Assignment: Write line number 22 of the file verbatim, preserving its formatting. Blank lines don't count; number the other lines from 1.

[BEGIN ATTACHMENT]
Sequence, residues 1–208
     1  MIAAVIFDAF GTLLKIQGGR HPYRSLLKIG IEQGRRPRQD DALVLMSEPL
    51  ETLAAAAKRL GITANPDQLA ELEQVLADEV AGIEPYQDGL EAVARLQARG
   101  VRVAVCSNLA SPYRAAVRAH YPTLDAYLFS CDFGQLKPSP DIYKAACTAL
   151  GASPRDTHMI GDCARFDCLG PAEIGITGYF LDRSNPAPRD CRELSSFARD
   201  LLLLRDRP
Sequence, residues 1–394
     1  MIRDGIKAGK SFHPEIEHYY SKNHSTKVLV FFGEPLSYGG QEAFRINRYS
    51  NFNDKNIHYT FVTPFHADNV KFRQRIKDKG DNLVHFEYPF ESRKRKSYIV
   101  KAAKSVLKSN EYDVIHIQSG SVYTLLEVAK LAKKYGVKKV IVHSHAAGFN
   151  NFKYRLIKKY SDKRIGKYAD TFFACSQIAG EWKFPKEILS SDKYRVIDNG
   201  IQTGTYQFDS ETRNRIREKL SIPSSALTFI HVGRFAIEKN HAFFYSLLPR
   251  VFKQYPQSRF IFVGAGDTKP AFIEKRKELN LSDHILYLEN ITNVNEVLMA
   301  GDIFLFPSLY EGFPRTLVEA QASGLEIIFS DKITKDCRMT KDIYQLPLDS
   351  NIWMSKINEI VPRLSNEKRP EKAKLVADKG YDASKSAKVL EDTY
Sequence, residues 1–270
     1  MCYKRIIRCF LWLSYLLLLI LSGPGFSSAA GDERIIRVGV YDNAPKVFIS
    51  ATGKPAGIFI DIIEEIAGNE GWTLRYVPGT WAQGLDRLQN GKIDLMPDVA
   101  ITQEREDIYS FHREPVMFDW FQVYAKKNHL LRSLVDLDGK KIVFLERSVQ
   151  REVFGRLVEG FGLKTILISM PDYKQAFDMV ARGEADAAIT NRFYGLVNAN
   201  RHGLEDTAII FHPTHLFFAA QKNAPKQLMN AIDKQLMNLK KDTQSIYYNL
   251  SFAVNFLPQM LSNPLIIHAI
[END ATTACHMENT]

   251  SFAVNFLPQM LSNPLIIHAI